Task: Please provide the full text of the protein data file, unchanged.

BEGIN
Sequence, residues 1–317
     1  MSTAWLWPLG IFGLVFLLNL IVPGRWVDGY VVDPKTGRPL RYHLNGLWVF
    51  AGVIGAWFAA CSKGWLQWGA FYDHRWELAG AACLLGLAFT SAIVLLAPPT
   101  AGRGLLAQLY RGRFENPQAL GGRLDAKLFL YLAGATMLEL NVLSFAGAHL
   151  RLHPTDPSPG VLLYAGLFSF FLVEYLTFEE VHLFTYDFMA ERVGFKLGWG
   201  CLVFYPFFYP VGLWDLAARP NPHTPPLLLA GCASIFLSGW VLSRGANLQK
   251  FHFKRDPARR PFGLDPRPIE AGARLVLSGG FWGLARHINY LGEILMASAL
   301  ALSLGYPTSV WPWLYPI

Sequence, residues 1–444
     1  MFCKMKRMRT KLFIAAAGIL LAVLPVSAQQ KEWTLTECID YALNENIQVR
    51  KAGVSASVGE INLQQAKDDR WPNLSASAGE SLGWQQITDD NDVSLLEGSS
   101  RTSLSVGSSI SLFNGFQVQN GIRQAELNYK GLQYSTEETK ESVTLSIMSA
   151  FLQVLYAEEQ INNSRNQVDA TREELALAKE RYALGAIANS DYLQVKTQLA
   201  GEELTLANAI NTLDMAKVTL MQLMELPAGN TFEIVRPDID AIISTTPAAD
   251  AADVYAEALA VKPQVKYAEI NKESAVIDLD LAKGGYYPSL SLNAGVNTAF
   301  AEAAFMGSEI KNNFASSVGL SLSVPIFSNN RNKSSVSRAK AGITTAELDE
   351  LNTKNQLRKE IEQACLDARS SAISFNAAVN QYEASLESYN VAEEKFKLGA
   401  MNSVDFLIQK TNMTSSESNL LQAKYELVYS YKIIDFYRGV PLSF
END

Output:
Sequence, residues 1–317
     1  MSTAWLWPLG IFGLVFLLNL IVPGRWVDGY VVDPKTGRPL RYHLNGLWVF
    51  AGVIGAWFAA CSKGWLQWGA FYDHRWELAG AACLLGLAFT SAIVLLAPPT
   101  AGRGLLAQLY RGRFENPQAL GGRLDAKLFL YLAGATMLEL NVLSFAGAHL
   151  RLHPTDPSPG VLLYAGLFSF FLVEYLTFEE VHLFTYDFMA ERVGFKLGWG
   201  CLVFYPFFYP VGLWDLAARP NPHTPPLLLA GCASIFLSGW VLSRGANLQK
   251  FHFKRDPARR PFGLDPRPIE AGARLVLSGG FWGLARHINY LGEILMASAL
   301  ALSLGYPTSV WPWLYPI

Sequence, residues 1–444
     1  MFCKMKRMRT KLFIAAAGIL LAVLPVSAQQ KEWTLTECID YALNENIQVR
    51  KAGVSASVGE INLQQAKDDR WPNLSASAGE SLGWQQITDD NDVSLLEGSS
   101  RTSLSVGSSI SLFNGFQVQN GIRQAELNYK GLQYSTEETK ESVTLSIMSA
   151  FLQVLYAEEQ INNSRNQVDA TREELALAKE RYALGAIANS DYLQVKTQLA
   201  GEELTLANAI NTLDMAKVTL MQLMELPAGN TFEIVRPDID AIISTTPAAD
   251  AADVYAEALA VKPQVKYAEI NKESAVIDLD LAKGGYYPSL SLNAGVNTAF
   301  AEAAFMGSEI KNNFASSVGL SLSVPIFSNN RNKSSVSRAK AGITTAELDE
   351  LNTKNQLRKE IEQACLDARS SAISFNAAVN QYEASLESYN VAEEKFKLGA
   401  MNSVDFLIQK TNMTSSESNL LQAKYELVYS YKIIDFYRGV PLSF